Pain treatmentPPain treatmentPain treatmentEnglishPain/AnaesthesiaChild (0-12 years);Teen (13-18 years)BodyCentral nervous system;Peripheral nervous system;Autonomic nervous systemSymptomsCaregivers Adult (19+)Pain2009-09-16T04:00:00ZCarrie Morgan, RN, BScN00499.000000000000Flat ContentHealth A-Z<p>Learn about techniques for pain management and the treatment of pain.</p><p>Once a pain assessment has been completed, a pain management plan is developed. The plan will involve a multi-dimensional approach that may include the use of medicines (pharmacology), physical therapies, and psychological strategies that can all help relieve pain in children.</p> <p>Further pain assessments will be conducted and the course of action will be adjusted or changed according to changing needs. For example, as a child’s injury heals and the pain subsides, the need for strong medications will be reduced. Often, the need for pain relief is short-lived and may only last for a few days. </p>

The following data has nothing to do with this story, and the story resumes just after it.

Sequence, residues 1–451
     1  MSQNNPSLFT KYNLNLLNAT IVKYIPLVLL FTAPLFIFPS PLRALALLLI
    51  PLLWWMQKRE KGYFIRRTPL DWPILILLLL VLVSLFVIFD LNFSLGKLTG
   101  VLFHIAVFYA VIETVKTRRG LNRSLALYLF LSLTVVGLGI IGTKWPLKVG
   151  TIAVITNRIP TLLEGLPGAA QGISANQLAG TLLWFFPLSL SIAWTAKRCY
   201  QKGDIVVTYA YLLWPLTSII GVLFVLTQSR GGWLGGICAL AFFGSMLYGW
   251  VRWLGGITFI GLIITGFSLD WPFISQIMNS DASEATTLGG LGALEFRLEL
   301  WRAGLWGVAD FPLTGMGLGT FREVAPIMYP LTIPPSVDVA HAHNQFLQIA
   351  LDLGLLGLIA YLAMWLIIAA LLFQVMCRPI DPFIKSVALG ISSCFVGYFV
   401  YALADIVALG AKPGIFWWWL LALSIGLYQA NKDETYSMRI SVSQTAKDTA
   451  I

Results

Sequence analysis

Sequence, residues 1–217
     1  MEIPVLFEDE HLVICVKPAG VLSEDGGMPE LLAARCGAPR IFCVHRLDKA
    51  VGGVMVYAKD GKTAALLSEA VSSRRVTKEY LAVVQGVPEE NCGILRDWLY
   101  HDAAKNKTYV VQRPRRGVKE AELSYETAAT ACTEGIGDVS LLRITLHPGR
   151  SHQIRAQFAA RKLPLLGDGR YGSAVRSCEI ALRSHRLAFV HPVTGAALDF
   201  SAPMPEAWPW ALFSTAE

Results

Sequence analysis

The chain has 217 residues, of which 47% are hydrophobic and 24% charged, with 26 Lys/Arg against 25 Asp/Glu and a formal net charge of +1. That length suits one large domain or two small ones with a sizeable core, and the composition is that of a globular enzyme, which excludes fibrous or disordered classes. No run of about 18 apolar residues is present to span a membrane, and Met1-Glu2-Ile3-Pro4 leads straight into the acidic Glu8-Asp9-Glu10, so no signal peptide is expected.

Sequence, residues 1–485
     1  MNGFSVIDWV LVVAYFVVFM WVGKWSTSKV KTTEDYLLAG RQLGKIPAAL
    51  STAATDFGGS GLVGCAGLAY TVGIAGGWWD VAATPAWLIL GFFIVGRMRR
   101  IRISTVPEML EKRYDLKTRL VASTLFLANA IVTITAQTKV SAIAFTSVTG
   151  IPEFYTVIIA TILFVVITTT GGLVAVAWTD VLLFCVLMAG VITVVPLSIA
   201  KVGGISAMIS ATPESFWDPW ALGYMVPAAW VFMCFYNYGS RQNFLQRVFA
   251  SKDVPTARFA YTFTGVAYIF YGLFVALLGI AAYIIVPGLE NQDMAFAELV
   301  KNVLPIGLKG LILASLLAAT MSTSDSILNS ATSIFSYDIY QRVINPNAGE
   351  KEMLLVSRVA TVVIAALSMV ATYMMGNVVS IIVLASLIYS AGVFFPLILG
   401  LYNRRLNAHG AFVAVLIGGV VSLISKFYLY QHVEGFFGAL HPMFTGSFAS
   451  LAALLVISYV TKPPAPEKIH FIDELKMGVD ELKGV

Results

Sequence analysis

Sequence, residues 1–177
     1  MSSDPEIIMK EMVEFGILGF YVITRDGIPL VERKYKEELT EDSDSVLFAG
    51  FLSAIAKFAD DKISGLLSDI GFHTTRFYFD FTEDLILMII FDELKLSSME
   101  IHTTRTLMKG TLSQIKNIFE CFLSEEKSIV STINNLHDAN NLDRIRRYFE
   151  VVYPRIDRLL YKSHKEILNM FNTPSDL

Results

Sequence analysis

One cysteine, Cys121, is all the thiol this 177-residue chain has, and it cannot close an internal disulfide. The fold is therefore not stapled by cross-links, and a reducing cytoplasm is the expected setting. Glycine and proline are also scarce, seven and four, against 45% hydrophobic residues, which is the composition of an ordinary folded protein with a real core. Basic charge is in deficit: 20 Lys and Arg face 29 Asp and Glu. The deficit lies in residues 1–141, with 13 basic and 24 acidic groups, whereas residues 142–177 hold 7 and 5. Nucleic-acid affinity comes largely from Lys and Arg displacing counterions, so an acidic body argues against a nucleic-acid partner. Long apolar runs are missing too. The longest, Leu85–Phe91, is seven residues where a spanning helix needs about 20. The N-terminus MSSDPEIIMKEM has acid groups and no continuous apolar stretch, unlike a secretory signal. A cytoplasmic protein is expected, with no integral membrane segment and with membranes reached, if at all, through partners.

Pain treatment2996.00000000000Pain treatmentPain treatmentPEnglishPain/AnaesthesiaChild (0-12 years);Teen (13-18 years)BodyCentral nervous system;Peripheral nervous system;Autonomic nervous systemSymptomsCaregivers Adult (19+)Pain2009-09-16T04:00:00ZCarrie Morgan, RN, BScN00499.000000000000Flat ContentHealth A-Z<p>Learn about techniques for pain management and the treatment of pain.</p><p>Once a pain assessment has been completed, a pain management plan is developed. The plan will involve a multi-dimensional approach that may include the use of medicines (pharmacology), physical therapies, and psychological strategies that can all help relieve pain in children.</p> <p>Further pain assessments will be conducted and the course of action will be adjusted or changed according to changing needs. For example, as a child’s injury heals and the pain subsides, the need for strong medications will be reduced. Often, the need for pain relief is short-lived and may only last for a few days. </p><figure> <img alt="Mother and toddler in waiting room" src="https://assets.aboutkidshealth.ca/akhassets/mom_and_toddler_in_waiting_rm_BRAND-PHO_EN.jpg" /> </figure> <p>Depending on the nature of the pain intensity and quality, administering pain medicines will be based on either a "step-up" or a "step-down" approach. This approach involves using weaker analgesics such as <a href="/Article?contentid=153&language=English">ibuprofen</a> or <a href="/Article?contentid=62&language=English">acetaminophen​</a> in situations where the pain is not anticipated to be severe. If these do not relieve the pain sufficiently, the dosages or the type of medication will be stepped up until relief is achieved. However, when the pain intensity is expected to be severe initially, for example following major surgery, the plan will include regular strong pain medicines like <a href="/Article?contentid=194&language=English">morphine​</a> in addition to the weaker medicines and physical and psychological strategies. These medicines will be stepped down by reducing the dosage or removing the strong medicines as the pain intensity reduces and the child heals. </p> <p>In conjunction with medications, the child and parents will be encouraged to learn behavioural coping strategies. These include the use of distraction such as reading and listening to music, controlled breathing, and relaxation. Once learned, these strategies can be very effective in controlling pain and other life stressors. Many hospitals have dedicated staff, often called Child Life specialists, who can help you and your child with developmentally appropriate strategies and resources. </p> <p>Additionally, depending on the source of pain or injury, physical therapies such as physiotherapy, massage, heat, and cold will also be included as part of the pain relief strategy. For an infant, this might include skin-to-skin care, with baby placed on the mother or father’s chest. </p> <p>All these strategies can relieve pain. However, since there are so many ways to relieve pain, finding the right combination can take time. Children are individuals and the way that they feel pain and react to pain treatment is also individual. Therefore, a treatment plan may require adjustments to achieve the desired effect. Making adjustments for maximum pain relief requires re-assessment and a certain amount of trial and error in terms of finding a strategy that works best for your child. Health care professionals will continue to work with you and your child to help relieve pain and improve quality of life. </p> <h2>Expectations: Acute and chronic pain</h2> <p>Despite best efforts in managing pain, there are times that a pain-free existence may not be possible. When this happens, the focus turns to helping your child cope so that they may better manage normal activities of daily living such and attending school, sleeping well, participating in age-appropriate activities. </p>Pain treatment

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